Public dictates artwork for Gwangju biennale

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Public dictates artwork for Gwangju biennale

Imagine placing members of the public in the seats of professional curators at one of Asia’s largest contemporary art exhibits. That is the drastic challenge the directors of Gwangju Biennale 2004 have undertaken.
“A Grain of Dust, a Drop of Water” is the theme for the Gwangju Biennale, which will run from Sept. 10 to Nov. 13 throughout the South Jeolla province city.
The biennale staff recently organized a task force, consisting mostly of foreigners with no formal relation to the art industry, to hold these seats. They were selected using government statistics based on their age, citizenship status and economic class.
In January, the 60-person team gathered in Gwangju as “viewer-participants” to review the works of artists they’d like to see in the exhibit.
From now until the show starts, these folks have been asked to negotiate with their chosen artists to produce works that will be shown in a final exhibit.
Rose Cherrington, a British farmer who lost 500 cows to mad cow disease, zeroed in on Damien Hirst, a British art celebrity who once turned brutally sliced-up cattle into art in his work “Some Comfort Gained From the Acceptance of the Inherent Lies in Everything.” The farmer has asked the artist to produce a work on natural disasters.
Miuccia Prada, the Italian chairman of the fashion conglomerate Prada, has selected Korean installation artist Lee Kyung-ho instead of following the guideline of choosing an artist from one’s own country.
Go Eun, an accomplished poet, chose Park Bul-ddong, a participant in the people’s art movement of the ’80s.
“I think this biennale would touch on the notion of mutual response between artists and viewers for the first time,” says Lee Yong-woo, a biennale director who prepared the show’s master plan along with Kerry Brougher and Chang Seok-won.
“This allowed us to put extensive focus on audience studies. It raises an important question of what the public audience wants to see in contemporary art and who they [viewers] really are.”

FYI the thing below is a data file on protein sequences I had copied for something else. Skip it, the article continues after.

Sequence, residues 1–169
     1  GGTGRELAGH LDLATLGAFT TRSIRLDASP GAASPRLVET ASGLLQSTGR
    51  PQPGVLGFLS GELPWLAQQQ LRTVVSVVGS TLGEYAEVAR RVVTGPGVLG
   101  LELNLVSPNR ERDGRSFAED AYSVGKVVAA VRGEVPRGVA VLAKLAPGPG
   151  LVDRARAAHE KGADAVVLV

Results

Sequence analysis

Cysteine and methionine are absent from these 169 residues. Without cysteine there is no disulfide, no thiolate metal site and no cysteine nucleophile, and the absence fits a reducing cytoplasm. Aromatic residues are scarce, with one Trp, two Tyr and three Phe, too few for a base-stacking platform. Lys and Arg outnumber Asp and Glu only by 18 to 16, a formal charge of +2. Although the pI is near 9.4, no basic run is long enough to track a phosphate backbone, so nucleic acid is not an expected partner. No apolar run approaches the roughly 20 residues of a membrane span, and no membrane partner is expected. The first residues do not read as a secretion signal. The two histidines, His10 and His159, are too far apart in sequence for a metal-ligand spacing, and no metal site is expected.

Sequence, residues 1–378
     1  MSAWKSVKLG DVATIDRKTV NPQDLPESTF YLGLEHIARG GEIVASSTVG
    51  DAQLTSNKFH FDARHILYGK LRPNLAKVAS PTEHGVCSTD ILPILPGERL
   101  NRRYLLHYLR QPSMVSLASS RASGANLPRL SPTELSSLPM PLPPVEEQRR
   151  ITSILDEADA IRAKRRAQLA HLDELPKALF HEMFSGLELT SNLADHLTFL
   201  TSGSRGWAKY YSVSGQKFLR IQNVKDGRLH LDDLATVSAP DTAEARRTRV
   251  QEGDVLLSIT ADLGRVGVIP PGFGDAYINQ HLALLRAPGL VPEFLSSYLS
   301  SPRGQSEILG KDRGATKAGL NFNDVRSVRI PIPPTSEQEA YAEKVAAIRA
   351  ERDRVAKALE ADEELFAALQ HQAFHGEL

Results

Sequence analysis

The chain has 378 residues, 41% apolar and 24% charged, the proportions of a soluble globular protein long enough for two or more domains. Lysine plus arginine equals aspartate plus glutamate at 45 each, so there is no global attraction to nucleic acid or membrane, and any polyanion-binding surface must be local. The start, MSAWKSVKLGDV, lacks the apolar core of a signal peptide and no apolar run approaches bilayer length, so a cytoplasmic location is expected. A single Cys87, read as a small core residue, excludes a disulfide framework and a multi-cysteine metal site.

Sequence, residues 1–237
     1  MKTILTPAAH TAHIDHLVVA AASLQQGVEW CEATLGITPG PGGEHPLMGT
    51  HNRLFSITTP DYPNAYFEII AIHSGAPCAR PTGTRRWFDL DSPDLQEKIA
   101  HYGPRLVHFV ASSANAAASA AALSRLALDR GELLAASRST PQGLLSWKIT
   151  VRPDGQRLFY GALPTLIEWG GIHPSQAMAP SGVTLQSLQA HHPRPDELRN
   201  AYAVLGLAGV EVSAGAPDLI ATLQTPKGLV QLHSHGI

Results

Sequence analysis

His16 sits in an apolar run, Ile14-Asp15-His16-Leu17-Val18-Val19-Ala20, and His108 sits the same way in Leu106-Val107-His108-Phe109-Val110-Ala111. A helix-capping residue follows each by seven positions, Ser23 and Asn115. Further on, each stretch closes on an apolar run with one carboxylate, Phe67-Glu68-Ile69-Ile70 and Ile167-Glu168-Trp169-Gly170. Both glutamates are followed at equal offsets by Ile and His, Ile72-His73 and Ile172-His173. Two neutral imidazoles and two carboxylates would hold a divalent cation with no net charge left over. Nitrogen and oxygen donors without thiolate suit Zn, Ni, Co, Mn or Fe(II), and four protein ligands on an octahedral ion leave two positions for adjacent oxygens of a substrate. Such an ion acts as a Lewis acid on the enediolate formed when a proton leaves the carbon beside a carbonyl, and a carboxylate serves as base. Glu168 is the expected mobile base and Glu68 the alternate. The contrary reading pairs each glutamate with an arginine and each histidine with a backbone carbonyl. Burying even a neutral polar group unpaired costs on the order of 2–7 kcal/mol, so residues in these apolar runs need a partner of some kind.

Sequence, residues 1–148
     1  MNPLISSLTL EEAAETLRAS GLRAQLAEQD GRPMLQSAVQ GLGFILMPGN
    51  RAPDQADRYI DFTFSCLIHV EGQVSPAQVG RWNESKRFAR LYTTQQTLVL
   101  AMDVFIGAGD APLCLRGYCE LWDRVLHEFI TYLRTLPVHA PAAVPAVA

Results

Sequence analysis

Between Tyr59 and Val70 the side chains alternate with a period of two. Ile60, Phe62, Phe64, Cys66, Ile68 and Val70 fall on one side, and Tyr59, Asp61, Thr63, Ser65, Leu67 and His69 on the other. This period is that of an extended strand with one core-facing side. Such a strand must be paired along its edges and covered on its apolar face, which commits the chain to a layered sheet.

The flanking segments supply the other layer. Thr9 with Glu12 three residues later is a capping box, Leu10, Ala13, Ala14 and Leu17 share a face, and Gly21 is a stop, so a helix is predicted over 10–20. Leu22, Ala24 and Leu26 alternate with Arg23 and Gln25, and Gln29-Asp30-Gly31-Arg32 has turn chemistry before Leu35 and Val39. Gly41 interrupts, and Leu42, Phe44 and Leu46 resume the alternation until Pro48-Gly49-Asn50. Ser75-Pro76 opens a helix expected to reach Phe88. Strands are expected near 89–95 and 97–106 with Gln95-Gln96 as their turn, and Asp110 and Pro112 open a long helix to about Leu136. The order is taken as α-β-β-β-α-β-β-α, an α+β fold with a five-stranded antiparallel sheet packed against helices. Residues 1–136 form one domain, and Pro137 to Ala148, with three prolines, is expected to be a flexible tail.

Separate sections are under negotiation, Mr. Lee says, to document the process of interaction between viewer participants and artists during the biennale.
The main theme, “A Grain of Dust, a Drop of Water,” takes an ecological view in discussing notions of production and extinction. These are ideas, organizers say, that grasp at the essence of social order in contemporary society. Dust is supposed to suggest rupture and confusion, while water makes references to the circle of life.
Overall, the biennale will be divided into a main exhibit addressing the theme and several other sections broken down into sub-themes. The main exhibit will be further separated spatially into four sections with themes of “dust,” “water,” “dust + water” and “club.”
Besides Mr. Hirst, other renowned artists participating in the main exhibit include Annish Kapoor, Brian Jungen and Hiroshi Sugimoto.
Despite its massive budget, the Gwangju Biennale has earned mixed reviews from international critics in the past for being insensitive to details of show organization and paying too much attention to creating formal settings. Art in America magazine in 2000 compared the show’s opening to a “trade show extravaganza.”


by Park Soo-mee
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